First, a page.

For the past year, manufacturers have heralded OLED ultra-high definition (UHD) TVs as a harbinger of sea change in the home entertainment industry, affording thinner and even flexible panels with higher quality pictures than today's LCD sets.
Then last week, China-based TCL, the third largest manufacturer of flat-screen TVs in the world, disclosed plans to ship a 55-in quantum dot LCD TV, which offers the same quality picture as OLED, but at a one-third the cost.
Suddenly, OLED TVs, fewer than 500 of which shipped in the U.S. last year, appeared to be facing a nearly impenetrable foe.
The appeal of OLEDs: they offer deeper blacks and brighter whites than conventional LCD TVs. Essentially, such TVs offer more life-like images.
Unlike conventional LCD TVs, which require back lighting, OLED TVs use organic chemicals to generate the light can be produced in very thin films. The films are so thin that they can be printed out and enable flexible screens.
LCD quantum dot TVs maintain the current thickness of panels, so they're not flexible, but they do arguably offer nearly the same picture quality as OLED.
"LCD with quantum dot is a case of the good being the enemy of the best. It allows LCD indeed to close the gap with OLED," said Paul Gray, director of European research at DisplaySearch.
IHS Research predicts that around 14,000 OLED TV units will ship in the US during 2014, and that number will increase to almost 1.2 million units in 2018.
Quantum dot (QD) technology, a component added to existing LCD panels, allows manufacturers to offer the same full color spectrum touted by OLED, while maintaining their current manufacturing process.
Quantum-dot technology was first used commercially in 2013 by Sony in multiple flat-screen TV models. Now other TV and monitor makers, like TCL, are starting to follow suit.
Like OLEDs, quantum dot technology supplies light on demand, which enables more efficient displays than more common light emitting diode (LED) or liquid crystal diode (LCD) displays.
IHS analyst Veronica Gonzalez-Thayer has viewed quantum dot LCD TVs and said they do offer a life-like picture with "redder reds and greener greens" compared to standard LCD.
"The results are pretty much comparable with OLED in terms of color accuracy and a more vivid picture," she said.
High prices may sink OLED
Last month, LG announced it was shipping the world's first 4K (3840 x 2160-pixel resolution) OLED TV in 77-in and 65-in screen sizes. Both sets come as curved screens, which LG claims offers a better viewing experience. The 65-in model came with the staggering sticker price of $11,000.
While TCL doesn't expect to announce the price of its 55-in quantum dot LCD TV until it's available in November, DisplaySearch agrees the price should be vastly lower than OLED.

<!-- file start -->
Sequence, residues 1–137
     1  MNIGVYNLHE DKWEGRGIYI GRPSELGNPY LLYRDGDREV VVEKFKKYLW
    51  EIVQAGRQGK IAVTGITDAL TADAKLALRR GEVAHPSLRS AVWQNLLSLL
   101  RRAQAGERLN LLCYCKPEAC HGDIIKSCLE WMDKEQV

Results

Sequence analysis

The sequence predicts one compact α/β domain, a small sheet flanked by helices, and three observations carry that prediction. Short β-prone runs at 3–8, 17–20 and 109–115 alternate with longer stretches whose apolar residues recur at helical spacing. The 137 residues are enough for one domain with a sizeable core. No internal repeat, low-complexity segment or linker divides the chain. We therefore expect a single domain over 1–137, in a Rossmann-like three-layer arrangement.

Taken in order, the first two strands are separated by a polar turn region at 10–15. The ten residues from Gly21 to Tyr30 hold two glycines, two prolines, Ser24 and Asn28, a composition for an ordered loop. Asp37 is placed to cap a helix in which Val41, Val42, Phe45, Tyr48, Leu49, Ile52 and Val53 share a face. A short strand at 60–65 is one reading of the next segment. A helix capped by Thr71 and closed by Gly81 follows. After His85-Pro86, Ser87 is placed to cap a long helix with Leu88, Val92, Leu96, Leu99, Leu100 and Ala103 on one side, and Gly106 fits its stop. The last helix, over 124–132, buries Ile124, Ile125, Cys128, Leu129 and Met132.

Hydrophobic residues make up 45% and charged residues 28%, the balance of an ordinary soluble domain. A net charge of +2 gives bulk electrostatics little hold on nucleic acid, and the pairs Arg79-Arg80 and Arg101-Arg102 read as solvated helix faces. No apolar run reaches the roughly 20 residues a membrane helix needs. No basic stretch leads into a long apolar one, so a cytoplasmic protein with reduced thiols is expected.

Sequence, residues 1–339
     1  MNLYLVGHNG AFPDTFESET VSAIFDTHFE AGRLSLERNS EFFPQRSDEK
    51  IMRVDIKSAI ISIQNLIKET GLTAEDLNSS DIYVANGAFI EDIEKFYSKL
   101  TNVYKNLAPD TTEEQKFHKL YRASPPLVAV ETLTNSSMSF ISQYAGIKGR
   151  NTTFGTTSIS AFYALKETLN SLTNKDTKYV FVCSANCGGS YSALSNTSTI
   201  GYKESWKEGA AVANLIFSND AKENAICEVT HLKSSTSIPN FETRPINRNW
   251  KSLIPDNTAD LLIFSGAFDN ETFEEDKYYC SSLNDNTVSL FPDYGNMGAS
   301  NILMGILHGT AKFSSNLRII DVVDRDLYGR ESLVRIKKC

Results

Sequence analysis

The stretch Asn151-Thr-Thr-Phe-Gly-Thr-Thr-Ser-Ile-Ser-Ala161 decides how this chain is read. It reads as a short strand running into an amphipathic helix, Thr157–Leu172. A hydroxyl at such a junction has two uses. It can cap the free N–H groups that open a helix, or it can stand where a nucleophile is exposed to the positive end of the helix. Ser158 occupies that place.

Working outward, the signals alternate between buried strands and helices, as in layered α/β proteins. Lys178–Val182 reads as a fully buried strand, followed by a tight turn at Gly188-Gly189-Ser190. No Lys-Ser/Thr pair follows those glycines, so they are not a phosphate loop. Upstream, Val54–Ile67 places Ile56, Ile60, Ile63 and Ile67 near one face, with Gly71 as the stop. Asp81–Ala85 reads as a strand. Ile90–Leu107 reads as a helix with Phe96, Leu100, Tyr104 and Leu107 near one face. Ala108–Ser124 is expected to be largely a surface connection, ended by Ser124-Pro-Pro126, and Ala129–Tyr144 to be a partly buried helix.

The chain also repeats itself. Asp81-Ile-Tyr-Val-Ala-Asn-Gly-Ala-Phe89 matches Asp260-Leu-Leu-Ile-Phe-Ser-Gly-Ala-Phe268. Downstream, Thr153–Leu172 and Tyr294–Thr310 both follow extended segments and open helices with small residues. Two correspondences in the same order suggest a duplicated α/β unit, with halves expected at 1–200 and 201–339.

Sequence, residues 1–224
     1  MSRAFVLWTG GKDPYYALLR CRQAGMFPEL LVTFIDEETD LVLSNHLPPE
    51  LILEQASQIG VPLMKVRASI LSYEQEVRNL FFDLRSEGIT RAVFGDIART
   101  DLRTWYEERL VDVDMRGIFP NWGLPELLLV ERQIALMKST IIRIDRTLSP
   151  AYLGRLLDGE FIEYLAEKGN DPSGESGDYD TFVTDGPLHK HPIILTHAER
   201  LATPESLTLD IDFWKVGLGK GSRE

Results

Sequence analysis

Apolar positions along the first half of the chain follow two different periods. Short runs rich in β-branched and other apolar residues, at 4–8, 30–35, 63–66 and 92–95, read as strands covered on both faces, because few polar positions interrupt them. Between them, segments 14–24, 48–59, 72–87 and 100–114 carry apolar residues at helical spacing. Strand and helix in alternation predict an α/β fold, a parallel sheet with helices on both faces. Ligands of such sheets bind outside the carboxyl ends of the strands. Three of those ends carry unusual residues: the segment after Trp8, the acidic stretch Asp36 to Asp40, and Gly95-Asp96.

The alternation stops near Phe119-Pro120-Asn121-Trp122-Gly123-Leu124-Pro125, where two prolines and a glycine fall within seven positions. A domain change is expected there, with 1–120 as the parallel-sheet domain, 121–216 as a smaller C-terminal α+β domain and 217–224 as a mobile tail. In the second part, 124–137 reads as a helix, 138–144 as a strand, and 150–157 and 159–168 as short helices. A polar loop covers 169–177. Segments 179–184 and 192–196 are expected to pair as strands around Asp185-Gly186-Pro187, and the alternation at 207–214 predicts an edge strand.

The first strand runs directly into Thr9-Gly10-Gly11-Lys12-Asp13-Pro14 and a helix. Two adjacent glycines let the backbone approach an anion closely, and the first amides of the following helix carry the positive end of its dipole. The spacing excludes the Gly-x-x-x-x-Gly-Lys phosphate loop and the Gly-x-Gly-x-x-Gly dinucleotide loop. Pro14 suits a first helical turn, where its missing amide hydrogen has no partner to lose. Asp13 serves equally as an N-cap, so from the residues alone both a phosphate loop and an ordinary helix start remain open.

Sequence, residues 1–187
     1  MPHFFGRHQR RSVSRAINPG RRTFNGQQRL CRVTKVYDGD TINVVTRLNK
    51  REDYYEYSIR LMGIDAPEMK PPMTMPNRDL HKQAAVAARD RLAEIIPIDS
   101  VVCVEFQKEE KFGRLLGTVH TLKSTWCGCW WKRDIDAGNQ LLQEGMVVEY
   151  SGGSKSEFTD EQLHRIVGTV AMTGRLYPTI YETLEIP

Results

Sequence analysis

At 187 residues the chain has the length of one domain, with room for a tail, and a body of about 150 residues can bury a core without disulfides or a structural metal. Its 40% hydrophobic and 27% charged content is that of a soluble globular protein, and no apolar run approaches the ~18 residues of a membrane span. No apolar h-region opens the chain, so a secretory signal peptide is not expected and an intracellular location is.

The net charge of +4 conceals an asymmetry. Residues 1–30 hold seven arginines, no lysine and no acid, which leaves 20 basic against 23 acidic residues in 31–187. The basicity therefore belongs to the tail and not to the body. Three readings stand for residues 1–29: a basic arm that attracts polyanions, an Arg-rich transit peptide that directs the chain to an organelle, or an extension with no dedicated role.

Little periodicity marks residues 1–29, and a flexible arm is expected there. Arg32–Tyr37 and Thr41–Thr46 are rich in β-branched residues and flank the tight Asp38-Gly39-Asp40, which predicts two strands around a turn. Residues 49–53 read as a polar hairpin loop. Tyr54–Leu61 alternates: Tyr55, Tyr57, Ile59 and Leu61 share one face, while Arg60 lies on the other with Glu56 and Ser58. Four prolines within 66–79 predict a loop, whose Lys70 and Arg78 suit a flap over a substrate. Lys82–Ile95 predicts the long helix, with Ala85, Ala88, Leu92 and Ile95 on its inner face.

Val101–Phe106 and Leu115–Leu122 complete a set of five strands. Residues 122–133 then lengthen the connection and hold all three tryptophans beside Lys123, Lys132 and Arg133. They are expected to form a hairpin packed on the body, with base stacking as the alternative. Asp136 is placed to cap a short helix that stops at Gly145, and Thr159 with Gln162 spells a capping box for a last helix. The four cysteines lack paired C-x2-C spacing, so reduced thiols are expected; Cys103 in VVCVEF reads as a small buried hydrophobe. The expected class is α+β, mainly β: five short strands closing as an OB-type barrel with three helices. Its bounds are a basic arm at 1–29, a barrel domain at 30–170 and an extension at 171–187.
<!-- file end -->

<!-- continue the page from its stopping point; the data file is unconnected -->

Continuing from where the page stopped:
According to DisplaySearch, a 55-in conventional LCD TV costs about $400, a 55-in LCD TV with QD technology retails for about $500, while a 55-in OLED TV runs about $1,750.
The additional cost for OLED TVs can mainly be attributed to low manufacturing yields: about 40% of all production turns into scrap material, according to Gray.
"OLEDs are hard to manufacture in TV sizes. LG's selection of white OLED technology was at least manufacturable. Samsung discontinued OLED TV as over 90% of panels produced were defective," Gray said.
LG's OLED TVs add a fourth color - white - to the traditional red, green, blue color pallet offered by high definition TVs.
Quantum dot technology is a component mounted in the LCD backlight unit in front of a TV's blue LEDs (as opposed to white LEDs used by other manufacturers such as LG), according to Matt Mazzuchi, vice president of market and business development for QD Vision, maker of TCL's quantum dot technology.
Paul O'Donovan, a principal analyst with Gartner's Consumer Electronics Research unit, said quantum dot technology at the very least helps to lengthen the lifespan of LCDs as a big screen technology as the industry moves into 4K resolution and eventually beyond.
"That could be a significant factor in delaying OLED displays in terms of possible cost reduction in manufacturing as volume sales remain limited," O'Donovan said.
TCL's new 55-in. quantum dot display, developed with QD Vision Inc., is a light emitting technology that uses semiconductor nanocrystals similar to those in organic light-emitting diode (OLED) displays. But, the organic in "O"LED means it's carbon based, or non-toxic.
The displays built with quantum dot technology use a small quantity of cadmium sealed within the glass display to enhance colors. While sealed inside the glass display, cadmium is still a toxic heavy metal.
Cadmium is banned in many consumer appliances, but according to O'Donovan, there are non-cadmium quantum dot TV available as well, so "that shouldn't be an issue unless they are more expensive or not quite as efficient."
"However, I haven't seen QDs being proposed as an emissive display technology in their own right, which would be a direct competitor to OLEDS," O'Donovan added.
OLED TVs also suffer from the fact that there are still few companies developing the technology.
There's LG and Samsung doing it to some degree, but the only one really out there making them in volumes is LG," Gonzalez-Thayer said. "Even Chinese TV manufacturers aren't thinking about using LG's panels for OLED TVs."
"So, what's the consumer going to choose? The cheaper one," she said.